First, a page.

An eight-year-old boy is seven stories tall because he has "a perfect digestive system": if the boy eats one pound of food, he gains one pound of body mass. Illustrations show the various arrangements made by family and friends to take care of him. He is sweet and well-mannered, but great effort is taken to conceal him because of the fear and hostility giants arouse. The narrator befriends him and comes up with a plan to introduce him to the public in such a way that they will accept him, so he will not need to spend his life in concealment.
- Lion (1956)
An angel tries to design the animal known to us as a lion. This angel is new to the skill of designing animals, and his first few attempts are reviewed by his fellow artists as lacking for one reason or another. The angel perseveres and eventually Lion is perfected. It is a story about art, artists, creativity, and finding one's place in the world – for both the angel (amidst his fellow angels) and the lion.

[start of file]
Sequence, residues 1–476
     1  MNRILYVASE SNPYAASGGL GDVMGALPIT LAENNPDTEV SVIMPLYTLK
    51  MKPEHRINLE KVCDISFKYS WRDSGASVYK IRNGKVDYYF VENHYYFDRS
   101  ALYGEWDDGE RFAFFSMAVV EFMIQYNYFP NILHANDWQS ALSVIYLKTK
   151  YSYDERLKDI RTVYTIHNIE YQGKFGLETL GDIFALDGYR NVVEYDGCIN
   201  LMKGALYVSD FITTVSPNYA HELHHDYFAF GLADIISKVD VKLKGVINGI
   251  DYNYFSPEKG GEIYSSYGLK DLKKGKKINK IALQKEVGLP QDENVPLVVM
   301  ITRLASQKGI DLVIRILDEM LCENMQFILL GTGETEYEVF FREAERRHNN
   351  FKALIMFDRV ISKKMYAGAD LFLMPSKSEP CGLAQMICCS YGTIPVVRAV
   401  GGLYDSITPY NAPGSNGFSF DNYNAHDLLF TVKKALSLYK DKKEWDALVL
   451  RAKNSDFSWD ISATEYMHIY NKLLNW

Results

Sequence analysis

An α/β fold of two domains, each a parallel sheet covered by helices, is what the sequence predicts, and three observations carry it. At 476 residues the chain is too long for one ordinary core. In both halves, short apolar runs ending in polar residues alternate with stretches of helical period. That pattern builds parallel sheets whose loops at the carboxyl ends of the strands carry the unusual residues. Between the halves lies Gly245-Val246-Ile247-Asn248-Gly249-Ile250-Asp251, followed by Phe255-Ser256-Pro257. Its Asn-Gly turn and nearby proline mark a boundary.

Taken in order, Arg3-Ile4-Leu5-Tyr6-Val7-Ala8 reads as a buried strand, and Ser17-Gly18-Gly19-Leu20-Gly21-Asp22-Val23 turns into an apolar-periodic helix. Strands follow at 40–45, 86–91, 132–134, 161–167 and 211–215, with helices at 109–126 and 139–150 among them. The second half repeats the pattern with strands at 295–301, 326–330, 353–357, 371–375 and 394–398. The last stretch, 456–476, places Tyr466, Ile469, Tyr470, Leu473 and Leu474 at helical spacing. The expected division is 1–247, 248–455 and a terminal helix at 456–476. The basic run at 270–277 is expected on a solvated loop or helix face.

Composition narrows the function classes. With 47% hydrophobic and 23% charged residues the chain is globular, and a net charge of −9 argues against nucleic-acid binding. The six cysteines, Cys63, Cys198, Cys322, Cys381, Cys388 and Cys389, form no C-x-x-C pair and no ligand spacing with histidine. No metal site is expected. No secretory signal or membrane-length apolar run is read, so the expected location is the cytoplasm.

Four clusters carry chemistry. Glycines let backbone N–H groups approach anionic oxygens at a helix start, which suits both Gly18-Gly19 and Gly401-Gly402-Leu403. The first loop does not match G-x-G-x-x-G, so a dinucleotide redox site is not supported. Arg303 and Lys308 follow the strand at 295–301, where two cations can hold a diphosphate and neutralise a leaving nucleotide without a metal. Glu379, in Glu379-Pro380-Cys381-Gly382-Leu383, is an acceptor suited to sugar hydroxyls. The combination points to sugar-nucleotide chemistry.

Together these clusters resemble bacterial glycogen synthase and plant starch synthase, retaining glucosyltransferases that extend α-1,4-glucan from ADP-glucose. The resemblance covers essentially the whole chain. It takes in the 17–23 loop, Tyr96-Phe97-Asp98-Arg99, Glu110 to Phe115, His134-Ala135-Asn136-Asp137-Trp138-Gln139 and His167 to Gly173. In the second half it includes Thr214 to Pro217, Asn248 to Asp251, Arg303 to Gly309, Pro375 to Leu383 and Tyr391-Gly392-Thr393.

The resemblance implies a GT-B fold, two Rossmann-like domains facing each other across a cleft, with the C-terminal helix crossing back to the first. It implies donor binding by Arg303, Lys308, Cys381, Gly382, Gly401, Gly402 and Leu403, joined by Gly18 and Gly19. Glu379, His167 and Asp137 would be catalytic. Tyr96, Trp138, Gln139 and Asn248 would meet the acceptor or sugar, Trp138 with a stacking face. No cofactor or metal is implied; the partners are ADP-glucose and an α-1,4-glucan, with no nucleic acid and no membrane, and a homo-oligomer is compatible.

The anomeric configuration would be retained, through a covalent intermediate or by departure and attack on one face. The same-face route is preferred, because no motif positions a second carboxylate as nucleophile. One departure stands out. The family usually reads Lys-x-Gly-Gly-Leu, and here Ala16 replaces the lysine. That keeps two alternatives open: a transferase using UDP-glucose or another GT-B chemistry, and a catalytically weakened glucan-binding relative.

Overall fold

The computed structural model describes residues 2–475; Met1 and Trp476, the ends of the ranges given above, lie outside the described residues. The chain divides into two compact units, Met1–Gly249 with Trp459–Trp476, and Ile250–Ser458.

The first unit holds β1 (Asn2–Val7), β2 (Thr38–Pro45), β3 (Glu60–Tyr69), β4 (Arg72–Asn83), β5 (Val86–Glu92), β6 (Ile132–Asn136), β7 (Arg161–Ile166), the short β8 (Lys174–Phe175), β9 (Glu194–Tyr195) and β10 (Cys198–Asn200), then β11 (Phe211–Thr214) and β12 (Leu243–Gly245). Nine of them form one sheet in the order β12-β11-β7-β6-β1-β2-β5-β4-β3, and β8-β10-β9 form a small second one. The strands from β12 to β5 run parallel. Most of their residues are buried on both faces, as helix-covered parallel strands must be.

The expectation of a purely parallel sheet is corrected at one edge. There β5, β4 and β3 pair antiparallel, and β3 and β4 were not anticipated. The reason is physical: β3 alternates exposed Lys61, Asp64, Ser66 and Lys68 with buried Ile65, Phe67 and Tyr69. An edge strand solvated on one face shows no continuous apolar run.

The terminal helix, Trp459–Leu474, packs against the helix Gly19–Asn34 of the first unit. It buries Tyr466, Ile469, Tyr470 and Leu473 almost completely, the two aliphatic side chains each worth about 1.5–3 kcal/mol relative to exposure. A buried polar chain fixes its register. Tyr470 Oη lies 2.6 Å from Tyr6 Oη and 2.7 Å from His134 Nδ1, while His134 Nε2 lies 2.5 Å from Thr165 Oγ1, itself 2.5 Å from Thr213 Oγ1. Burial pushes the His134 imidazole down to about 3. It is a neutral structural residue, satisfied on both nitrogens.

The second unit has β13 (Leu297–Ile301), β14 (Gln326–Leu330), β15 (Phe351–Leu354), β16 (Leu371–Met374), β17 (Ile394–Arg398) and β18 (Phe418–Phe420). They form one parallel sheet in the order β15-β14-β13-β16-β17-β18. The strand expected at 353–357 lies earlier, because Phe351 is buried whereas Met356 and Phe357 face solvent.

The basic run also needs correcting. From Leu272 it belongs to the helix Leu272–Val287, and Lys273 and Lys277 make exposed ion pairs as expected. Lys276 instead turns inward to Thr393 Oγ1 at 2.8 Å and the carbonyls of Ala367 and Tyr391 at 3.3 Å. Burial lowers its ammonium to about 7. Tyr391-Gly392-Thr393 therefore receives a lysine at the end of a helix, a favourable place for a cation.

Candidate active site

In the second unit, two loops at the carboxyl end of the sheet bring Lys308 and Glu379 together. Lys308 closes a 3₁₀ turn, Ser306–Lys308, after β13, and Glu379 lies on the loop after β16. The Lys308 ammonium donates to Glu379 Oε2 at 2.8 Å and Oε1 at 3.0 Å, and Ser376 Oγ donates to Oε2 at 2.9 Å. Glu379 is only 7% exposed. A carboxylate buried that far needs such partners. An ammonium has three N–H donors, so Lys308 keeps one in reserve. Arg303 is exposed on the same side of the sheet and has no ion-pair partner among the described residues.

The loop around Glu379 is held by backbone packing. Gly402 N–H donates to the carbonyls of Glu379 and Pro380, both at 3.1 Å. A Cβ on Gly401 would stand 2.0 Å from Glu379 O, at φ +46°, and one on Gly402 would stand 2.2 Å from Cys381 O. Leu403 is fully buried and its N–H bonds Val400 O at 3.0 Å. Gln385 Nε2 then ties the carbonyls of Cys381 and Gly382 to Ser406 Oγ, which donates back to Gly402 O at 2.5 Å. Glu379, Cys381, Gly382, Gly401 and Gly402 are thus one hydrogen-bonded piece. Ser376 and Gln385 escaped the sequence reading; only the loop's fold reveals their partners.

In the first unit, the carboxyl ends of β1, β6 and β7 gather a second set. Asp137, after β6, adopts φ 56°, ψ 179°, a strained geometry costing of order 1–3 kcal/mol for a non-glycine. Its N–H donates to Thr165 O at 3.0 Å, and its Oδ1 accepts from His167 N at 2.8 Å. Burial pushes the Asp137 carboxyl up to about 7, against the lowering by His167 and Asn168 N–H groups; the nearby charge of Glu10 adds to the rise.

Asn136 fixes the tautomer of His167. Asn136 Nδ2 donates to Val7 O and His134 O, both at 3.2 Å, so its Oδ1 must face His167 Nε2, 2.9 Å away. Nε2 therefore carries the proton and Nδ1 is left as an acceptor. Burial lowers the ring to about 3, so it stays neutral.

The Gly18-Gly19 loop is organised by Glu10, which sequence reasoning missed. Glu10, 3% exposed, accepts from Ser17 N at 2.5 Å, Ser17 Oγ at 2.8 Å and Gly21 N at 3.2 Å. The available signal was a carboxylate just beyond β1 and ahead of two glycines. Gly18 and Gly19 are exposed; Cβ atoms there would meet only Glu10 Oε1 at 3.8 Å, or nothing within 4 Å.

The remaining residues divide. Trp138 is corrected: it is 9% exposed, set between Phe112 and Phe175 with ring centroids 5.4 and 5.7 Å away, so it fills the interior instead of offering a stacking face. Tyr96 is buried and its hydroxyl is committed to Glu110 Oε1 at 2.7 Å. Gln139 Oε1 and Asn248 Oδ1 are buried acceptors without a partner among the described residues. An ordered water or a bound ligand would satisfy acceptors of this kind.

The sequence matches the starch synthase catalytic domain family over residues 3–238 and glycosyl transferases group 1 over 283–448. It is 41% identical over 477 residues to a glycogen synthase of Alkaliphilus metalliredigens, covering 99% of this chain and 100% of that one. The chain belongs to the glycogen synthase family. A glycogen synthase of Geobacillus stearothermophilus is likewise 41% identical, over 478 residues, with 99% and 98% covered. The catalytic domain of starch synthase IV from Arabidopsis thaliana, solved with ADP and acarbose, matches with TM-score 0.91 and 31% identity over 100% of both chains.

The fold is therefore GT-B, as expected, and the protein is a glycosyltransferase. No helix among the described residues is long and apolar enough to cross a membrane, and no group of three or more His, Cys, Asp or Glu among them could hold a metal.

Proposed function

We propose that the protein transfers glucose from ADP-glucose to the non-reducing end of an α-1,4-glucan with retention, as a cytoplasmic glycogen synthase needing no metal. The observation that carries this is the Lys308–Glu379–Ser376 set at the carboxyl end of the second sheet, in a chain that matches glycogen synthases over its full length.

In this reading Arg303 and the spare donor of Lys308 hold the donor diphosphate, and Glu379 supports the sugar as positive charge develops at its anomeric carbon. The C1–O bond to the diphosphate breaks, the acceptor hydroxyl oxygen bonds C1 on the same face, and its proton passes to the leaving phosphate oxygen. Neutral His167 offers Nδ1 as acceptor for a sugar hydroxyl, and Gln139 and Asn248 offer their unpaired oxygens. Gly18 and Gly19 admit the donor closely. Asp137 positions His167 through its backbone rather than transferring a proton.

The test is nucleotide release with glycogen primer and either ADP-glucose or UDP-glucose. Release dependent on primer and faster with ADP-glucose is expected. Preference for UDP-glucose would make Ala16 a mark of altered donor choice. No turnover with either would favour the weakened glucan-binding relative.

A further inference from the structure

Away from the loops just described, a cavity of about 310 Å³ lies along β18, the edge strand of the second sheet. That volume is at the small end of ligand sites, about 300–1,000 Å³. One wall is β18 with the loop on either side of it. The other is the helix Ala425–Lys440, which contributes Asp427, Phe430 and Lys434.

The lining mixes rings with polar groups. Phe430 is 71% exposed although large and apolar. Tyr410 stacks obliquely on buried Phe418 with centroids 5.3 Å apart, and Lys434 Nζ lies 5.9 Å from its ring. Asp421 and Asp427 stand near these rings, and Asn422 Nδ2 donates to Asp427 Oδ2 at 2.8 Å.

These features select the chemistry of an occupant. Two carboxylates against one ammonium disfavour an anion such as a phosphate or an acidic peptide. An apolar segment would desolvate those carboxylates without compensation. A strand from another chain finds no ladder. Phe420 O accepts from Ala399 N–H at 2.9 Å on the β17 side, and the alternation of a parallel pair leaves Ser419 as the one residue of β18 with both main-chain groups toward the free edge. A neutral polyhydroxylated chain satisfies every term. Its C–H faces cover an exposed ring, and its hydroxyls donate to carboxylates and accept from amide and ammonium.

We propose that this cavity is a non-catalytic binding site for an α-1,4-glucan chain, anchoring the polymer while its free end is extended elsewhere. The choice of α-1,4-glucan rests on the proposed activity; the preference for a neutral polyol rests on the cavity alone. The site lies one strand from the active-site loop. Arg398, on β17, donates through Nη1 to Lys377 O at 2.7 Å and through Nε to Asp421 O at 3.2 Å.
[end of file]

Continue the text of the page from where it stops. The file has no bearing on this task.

- Castles and Dragons (1958)
- Otto in Texas (1959) – Otto the giant dog visits Texas, where he discovers a dinosaur skeleton and a tunnel used by oil rustlers
- Otto In Africa (1961) – further adventures of Otto the giant dog
- The Three Little Pigs (1962) – the familiar story is told in verse
- The Alligator Case (1965)
- Lazy Tommy Pumpkinhead (1966)